Maradona or the Latin American soul

Consequently, the avalanche of grief for Maradona’s passing is in essence a requiem for a region that is about to lose yet another historic opportunity when the rebuilt world supply chain favors Asia in the aftermath of covid19.
Beatrice E. Rangel.
On the doorsteps of the Thanksgiving celebration the heart of the greatest soccer star ever to live stopped beating. His owner grew exhausted of fighting his own myth. And he chose to travel to eternity. There myths are everlasting as time does no exist . Neither there is need to struggle to balance individual desires and the discipline that keeping the myth demands.
The outburst of sorrow that has taken Latin America for this transformation can only be explained in terms of Maradona’s ability to snapshot the essence of the Latin American soul. The continent perhaps is one of the most creative places in the world. The region’s contribution’s to music, visual arts and literature are undeniable and ground breaking. But they have failed to ignite the spark of development discipline. Or put in other words Latin America seems to have lost more development opportunities than any other region in the world. This pops out in any historical series you run on the region. Taking the 1950s as a base period for instance one finds that Latin nations doubled most Asian countries in income per capita and GDP. Today it not only is the opposite but nations such as South Korea, Singapore and Taiwan are by all measurements developed countries while in Latin America the lonely development star that is Chile is all set out to reverse course and equalize itself to the rest of an underdeveloped region.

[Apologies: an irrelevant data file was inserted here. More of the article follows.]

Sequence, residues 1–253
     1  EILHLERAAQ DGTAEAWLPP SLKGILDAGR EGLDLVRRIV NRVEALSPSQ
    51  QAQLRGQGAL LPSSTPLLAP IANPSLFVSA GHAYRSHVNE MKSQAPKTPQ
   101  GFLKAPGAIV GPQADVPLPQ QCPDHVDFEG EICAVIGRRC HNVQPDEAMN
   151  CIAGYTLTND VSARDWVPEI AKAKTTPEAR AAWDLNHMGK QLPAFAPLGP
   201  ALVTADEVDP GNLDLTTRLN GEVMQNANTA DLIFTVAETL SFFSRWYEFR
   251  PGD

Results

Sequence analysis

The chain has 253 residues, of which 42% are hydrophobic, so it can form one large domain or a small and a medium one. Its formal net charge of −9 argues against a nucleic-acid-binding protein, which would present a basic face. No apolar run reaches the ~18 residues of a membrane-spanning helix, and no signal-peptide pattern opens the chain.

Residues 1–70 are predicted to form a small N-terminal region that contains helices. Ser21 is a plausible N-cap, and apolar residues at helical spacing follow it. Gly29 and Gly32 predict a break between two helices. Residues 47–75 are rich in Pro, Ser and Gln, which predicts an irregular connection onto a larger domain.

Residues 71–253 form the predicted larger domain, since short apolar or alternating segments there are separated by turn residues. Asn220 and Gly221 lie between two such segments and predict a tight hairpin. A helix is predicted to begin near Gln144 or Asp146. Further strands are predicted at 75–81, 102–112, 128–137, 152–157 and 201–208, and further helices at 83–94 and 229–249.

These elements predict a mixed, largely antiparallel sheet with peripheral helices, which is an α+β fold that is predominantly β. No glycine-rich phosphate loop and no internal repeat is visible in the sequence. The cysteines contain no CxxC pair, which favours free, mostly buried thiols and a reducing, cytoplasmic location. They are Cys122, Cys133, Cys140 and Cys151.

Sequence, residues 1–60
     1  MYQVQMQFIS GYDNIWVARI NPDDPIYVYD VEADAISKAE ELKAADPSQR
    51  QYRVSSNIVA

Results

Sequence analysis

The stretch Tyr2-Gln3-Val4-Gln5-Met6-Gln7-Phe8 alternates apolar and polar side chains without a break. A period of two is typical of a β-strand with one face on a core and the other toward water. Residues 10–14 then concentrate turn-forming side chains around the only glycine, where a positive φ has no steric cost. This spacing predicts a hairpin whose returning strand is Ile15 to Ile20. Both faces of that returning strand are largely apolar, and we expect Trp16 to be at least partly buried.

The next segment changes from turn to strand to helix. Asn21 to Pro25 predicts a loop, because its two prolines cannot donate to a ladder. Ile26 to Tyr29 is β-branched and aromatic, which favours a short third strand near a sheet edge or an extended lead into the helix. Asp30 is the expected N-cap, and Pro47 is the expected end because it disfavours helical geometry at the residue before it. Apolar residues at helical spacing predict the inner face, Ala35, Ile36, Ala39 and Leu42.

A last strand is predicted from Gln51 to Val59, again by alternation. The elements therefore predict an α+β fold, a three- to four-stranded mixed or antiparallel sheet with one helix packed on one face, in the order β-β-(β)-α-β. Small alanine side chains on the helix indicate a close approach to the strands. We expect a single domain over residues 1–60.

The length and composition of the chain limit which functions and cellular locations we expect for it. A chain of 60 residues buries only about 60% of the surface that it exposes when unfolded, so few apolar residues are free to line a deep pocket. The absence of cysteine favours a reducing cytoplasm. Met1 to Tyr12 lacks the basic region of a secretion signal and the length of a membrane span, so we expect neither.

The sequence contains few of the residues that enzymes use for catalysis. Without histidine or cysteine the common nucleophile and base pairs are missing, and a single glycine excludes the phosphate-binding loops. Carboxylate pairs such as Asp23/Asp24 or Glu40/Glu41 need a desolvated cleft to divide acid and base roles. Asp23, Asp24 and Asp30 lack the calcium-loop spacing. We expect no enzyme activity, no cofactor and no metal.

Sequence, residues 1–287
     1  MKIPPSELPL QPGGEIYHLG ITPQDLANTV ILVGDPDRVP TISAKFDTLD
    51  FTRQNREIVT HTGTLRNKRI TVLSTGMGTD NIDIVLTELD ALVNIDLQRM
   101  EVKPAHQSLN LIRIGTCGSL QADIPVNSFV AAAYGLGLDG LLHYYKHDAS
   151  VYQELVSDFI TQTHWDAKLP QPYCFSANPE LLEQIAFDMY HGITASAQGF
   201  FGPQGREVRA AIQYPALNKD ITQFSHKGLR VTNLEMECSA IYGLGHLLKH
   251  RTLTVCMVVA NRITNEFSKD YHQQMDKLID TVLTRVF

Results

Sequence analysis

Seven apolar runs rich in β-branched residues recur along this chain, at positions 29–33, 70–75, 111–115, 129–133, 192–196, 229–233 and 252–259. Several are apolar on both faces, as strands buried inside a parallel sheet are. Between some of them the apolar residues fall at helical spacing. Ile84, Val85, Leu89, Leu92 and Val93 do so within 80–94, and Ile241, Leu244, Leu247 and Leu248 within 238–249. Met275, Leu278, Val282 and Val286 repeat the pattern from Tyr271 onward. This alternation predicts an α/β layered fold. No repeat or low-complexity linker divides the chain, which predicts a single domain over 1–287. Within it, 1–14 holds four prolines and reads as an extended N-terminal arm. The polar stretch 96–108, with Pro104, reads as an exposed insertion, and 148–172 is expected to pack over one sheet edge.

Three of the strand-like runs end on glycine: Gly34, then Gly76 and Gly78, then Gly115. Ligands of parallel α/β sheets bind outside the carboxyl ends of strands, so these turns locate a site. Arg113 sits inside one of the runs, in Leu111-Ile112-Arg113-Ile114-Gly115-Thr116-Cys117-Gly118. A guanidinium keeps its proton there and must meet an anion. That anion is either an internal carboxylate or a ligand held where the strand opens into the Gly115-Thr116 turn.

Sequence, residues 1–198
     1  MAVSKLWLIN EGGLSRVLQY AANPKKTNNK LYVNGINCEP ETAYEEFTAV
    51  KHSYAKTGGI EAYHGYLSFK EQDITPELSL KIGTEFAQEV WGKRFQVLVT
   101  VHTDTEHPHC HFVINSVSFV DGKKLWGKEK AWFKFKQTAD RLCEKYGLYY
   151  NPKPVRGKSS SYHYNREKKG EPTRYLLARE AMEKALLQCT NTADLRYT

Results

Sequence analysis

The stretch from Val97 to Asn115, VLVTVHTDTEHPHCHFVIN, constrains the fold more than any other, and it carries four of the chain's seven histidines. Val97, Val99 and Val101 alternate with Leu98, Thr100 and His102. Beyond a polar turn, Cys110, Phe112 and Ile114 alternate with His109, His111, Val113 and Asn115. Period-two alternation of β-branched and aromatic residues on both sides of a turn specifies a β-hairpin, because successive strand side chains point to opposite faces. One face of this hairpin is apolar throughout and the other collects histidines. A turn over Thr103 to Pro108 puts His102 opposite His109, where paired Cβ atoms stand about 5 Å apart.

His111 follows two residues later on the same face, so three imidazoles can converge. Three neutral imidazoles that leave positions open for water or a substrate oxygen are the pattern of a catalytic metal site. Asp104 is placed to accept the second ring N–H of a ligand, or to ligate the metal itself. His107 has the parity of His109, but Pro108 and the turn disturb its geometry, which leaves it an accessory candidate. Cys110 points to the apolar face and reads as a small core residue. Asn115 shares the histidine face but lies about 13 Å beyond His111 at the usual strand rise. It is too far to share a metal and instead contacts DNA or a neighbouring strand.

Same story describes the life of Maradona. His truly genial approach to soccer has defined the games strategic thinking. His innovative design of soccer passes more often than not served the purpose of hiding the core of his strategy to rivals. On other occasions his passes just crushed defense lines. But he never cared to record these ground braking methods let alone to build a team around his strategic creations. Deep in his mind he must have thought procedural creation to be the duty of others. And so went about life living the myth without replenishing its foundations. When time and health failed he began cheating.
Maradona’s life path resembles the development timeline of Latin America. At the outset of colonialism the region became the single most important contributor to the growth of European GDP through trade. And as trade reshaped political institutions in Europe the tenets of Enlightenment took hold. Reason displaced religious beliefs as the key to understand reality and improve the living conditions of human beings. Tested knowledge displaced guess work and information began to flow through the printing press. In Latin America independence while allegedly triggered by the Enlightenment truly served he purpose of preserving corporativist structures that can only be led by caudillos and be sustained by protected economies that harbor monopolistic rent extraction. Under these conditions development is a failed proposition. And here lies the explanation as to why development eludes the region in spite of its participation into most multilateral agreements to secure competition and growth. These agreements are denied implementation through cozy relations between government officials that need financing for their political campaigns and noncompetitive business concerns. I short, when dealing with the world Latin America takes the Maradona approach: if you cannot compete just cheat. The jetinho in Brazil; la coima in the Southern Cone and la mordida in Mexico are all expressions of the same disease:15th century corporativism.
Consequently, the avalanche of grief for Maradona’s passing is in essence a requiem for a region that is about to lose yet another historic opportunity when the rebuilt world supply chain favors Asia in the aftermath of covid19.